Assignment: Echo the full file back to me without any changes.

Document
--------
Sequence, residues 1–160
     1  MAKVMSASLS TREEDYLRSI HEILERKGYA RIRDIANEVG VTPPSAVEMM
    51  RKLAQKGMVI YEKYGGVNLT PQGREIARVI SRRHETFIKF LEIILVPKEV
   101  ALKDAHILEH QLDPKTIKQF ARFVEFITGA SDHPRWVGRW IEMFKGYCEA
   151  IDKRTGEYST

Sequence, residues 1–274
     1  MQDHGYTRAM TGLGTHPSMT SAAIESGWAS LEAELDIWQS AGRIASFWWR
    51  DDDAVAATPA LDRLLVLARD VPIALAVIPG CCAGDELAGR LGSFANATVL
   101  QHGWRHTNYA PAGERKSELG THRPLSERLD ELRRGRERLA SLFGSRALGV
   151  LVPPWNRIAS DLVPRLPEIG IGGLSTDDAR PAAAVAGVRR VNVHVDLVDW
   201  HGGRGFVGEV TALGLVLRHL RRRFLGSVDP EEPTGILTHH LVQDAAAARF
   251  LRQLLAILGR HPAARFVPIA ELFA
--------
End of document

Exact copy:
Sequence, residues 1–160
     1  MAKVMSASLS TREEDYLRSI HEILERKGYA RIRDIANEVG VTPPSAVEMM
    51  RKLAQKGMVI YEKYGGVNLT PQGREIARVI SRRHETFIKF LEIILVPKEV
   101  ALKDAHILEH QLDPKTIKQF ARFVEFITGA SDHPRWVGRW IEMFKGYCEA
   151  IDKRTGEYST

Sequence, residues 1–274
     1  MQDHGYTRAM TGLGTHPSMT SAAIESGWAS LEAELDIWQS AGRIASFWWR
    51  DDDAVAATPA LDRLLVLARD VPIALAVIPG CCAGDELAGR LGSFANATVL
   101  QHGWRHTNYA PAGERKSELG THRPLSERLD ELRRGRERLA SLFGSRALGV
   151  LVPPWNRIAS DLVPRLPEIG IGGLSTDDAR PAAAVAGVRR VNVHVDLVDW
   201  HGGRGFVGEV TALGLVLRHL RRRFLGSVDP EEPTGILTHH LVQDAAAARF
   251  LRQLLAILGR HPAARFVPIA ELFA